On Saturday 15 November we arrived at the Natural History Museum in London to meet lots of excited children and slightly nervous parents. There was a big buzz on the street with everyone laden down with sleeping bags, favourite teddies and most importantly midnight snacks. We were all relieved to get inside and away from the main crowds to find our camp for the night. The parents helped set up the sleeping quarters before saying goodbye. There were a few tearful Mums and Dads but once they could see their children were happily settling in and making friends they left for the evening. This was a big step and new adventure for many of the children who had not stayed away from home before.
Our first activity was a science talk, so with talk of adventures we led the children through the museum to the lecture hall. We arrived before the other groups which allowed our excited VICTA explorers to go in first and sit in the front row. The speakers brought out a tiger shark’s jaw and allowed the children to touch it and feel the very sharp teeth. When the other groups arrived they began the talk ‘Monsters of the Deep’ – with lots of weird and wonderful facts about the strange creatures that live in the depths of the ocean. One of our group Alex had his enthusiasm rewarded when he was selected to go up on stage to feel inside a bag. He was asked to describe to the audience what he could feel which was then revealed to be a tentacle from a giant squid. The VICTA group joined in really well and were eagerly putting their hands up and answering questions. The gory facts about different species of shark went down well, particularly with the boys.
After the talk, we walked back through the museum to the snack hall. The children were really excited to be reunited with the goodies they had packed. The grown-ups were offered a well needed cup of coffee! This gave the children a nice chance to all chat to each other and provided them with an energy boost for the night ahead.
We were then led to the investigation room which was full of interesting artefacts such as fossils, bones, stuffed animals and shells. We sat down and listened how to explore the room like scientists using all our senses. We were then free to investigate and ask questions about what we found. Some of the children drew, measured and weighed objects, while filling out investigation sheets. There were several drawers full of objects – they loved being able to pull these out and explore what was in them. There were microscopes and computers for finding further information. Perhaps most popular were the swordfish nose, dinosaur bone and huge snakeskin.
After a quick refreshment break we headed back to the room to make fossil casts. This was a hands-on activity with the chance to get a bit messy (some more than others!). Everyone was given a piece of plasticine from which they made a bowl shape to press their chosen fossil into. They then helped mix the plaster, pour it into their bowls and stick on their labels. These dried over-night to form a fossil cast and a nice keep-sake to take home from their adventure.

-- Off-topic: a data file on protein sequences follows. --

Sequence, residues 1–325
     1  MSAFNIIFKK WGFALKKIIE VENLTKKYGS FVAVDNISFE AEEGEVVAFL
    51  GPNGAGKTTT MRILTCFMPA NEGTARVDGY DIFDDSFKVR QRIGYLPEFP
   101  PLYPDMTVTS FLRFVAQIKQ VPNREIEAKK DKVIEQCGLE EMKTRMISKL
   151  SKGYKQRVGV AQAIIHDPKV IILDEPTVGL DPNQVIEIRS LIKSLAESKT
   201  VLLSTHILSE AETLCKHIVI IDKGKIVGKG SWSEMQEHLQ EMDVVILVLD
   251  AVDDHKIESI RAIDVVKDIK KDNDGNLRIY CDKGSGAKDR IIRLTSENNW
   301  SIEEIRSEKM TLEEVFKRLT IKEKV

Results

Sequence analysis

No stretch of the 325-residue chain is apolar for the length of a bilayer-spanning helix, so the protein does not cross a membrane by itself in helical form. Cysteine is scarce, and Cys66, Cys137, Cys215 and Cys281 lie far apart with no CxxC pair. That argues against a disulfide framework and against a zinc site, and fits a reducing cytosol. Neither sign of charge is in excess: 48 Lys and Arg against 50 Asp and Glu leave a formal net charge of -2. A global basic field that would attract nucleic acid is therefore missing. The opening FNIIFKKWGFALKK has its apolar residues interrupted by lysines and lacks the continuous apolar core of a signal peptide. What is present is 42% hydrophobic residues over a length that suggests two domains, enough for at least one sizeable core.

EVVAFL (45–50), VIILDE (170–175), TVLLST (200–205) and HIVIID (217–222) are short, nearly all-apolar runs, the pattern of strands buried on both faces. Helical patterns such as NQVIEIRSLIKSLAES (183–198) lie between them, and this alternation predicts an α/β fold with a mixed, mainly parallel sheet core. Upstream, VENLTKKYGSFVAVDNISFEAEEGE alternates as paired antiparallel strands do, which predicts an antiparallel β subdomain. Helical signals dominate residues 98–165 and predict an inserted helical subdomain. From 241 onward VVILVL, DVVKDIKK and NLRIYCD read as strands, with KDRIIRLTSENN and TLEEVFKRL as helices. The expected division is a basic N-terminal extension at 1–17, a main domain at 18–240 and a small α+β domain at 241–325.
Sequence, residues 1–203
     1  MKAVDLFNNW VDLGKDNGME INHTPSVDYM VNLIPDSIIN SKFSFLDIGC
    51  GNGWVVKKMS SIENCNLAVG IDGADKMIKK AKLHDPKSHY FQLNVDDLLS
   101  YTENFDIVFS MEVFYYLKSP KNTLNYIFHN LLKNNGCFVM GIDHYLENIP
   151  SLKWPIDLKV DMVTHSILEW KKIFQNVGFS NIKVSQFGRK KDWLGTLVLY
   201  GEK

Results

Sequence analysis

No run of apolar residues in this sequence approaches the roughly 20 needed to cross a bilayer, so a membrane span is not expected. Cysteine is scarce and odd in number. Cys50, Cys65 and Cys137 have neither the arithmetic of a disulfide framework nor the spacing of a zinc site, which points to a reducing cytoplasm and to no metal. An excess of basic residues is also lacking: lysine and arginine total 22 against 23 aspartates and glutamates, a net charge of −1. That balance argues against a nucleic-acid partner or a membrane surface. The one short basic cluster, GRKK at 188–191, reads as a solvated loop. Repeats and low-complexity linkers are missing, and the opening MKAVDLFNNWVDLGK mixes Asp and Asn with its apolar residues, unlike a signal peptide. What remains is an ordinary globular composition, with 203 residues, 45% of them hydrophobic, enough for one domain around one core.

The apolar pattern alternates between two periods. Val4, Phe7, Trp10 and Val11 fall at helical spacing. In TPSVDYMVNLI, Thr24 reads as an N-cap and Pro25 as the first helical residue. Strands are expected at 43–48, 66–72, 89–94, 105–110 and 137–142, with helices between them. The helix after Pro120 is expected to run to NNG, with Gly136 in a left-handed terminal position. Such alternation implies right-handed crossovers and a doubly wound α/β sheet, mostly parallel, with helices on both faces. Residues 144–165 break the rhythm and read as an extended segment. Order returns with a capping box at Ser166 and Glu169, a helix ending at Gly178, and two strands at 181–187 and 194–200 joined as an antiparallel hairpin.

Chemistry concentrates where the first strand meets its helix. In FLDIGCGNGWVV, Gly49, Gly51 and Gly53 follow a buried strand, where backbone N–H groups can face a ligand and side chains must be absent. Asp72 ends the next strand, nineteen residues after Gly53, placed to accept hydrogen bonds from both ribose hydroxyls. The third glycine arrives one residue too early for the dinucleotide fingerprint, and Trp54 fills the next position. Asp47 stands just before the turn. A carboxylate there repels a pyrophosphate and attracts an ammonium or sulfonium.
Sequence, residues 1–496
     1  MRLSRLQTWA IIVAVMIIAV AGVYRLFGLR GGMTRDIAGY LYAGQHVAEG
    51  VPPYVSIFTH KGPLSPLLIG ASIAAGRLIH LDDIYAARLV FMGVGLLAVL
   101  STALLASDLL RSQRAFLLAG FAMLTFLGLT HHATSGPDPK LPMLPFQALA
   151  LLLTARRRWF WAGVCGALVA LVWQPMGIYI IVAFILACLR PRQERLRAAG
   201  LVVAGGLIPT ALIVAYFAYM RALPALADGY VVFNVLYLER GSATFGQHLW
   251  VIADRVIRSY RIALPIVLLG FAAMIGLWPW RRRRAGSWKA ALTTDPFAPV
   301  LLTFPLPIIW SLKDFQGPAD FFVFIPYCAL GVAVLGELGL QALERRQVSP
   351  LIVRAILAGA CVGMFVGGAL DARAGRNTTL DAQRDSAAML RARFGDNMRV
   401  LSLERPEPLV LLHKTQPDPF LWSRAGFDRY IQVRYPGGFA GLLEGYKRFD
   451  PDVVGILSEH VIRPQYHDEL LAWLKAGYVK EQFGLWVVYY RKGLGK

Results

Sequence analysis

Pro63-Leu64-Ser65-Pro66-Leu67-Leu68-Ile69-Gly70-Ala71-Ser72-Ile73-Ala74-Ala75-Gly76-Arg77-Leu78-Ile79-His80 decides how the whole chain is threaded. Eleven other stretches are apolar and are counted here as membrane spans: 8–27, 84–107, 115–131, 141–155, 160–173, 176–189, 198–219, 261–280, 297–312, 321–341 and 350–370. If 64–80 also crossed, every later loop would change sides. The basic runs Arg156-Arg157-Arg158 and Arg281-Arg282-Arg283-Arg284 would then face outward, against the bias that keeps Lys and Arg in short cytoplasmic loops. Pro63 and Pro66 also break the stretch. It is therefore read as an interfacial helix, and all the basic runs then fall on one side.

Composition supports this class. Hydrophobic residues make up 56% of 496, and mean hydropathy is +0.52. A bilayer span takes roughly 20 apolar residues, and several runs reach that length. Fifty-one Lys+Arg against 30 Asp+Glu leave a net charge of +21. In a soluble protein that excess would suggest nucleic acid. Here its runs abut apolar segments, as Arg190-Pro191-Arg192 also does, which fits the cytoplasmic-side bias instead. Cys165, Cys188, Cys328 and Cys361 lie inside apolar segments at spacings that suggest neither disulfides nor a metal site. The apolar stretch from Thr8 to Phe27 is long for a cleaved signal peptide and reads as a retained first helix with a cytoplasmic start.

This took us to midnight – both kids and adults were truly worn out by this point and were ready for lights out. Despite the talk of staying up all night, once teeth were brushed and heads hit the pillow, there was almost an instant sound of silence! Waking up in the whale room, surrounded by mammals and suspended skeletons above our heads was quite an experience. Some of the group needed an extra nudge to get up for the 7am wakeup call but all were in good spirits.
Sunday morning was a special encounter with the ‘Animal Man’. We did this separately from the main group so we were up close and personal with the animals. Everyone joined in and stroked the animals – a chinchilla, hedgehog, bearded dragon, meerkat, millipede, skunk and a giant snail. Cameron and Reeah were the bravest of all holding a tarantula. The boys delighted in telling us afterwards all the gory things tarantulas can do to you – despite the Animal Man reassuring us a bite would be no worse than a bee sting!
Breakfast was juice, a muffin and a yogurt and another chance to chat before going back to camp to pack up. We all wondered how on earth our sleeping bags ever fitted in their cases but got there in the end. The children and parents were excited to be reunited with each other – hopefully with lots of stories of their adventures to share. There were definitely a few tall tales about how much sleep they actually had!
“I can’t tell you how great the Dino Snores was, when I asked Reeah if she wanted to do it again she replied yes straightaway. Reeah had such a fantastic time and she can’t stop talking about it. Its amazing how the whole experience gave her such big boost of confidence. She felt so much part of the Dino Snores as everyone in the group were visually impaired rather than her being the only one. She enjoyed making the fossil the most. A big huge thank you to all the people from Victa and NHM to make it such a success and for looking after our precious little ones so well. I would like to thank Tracie for texting me to let me know that Reeah was fine as it was her first night away from home. “ – Ashwina Seewoosurrun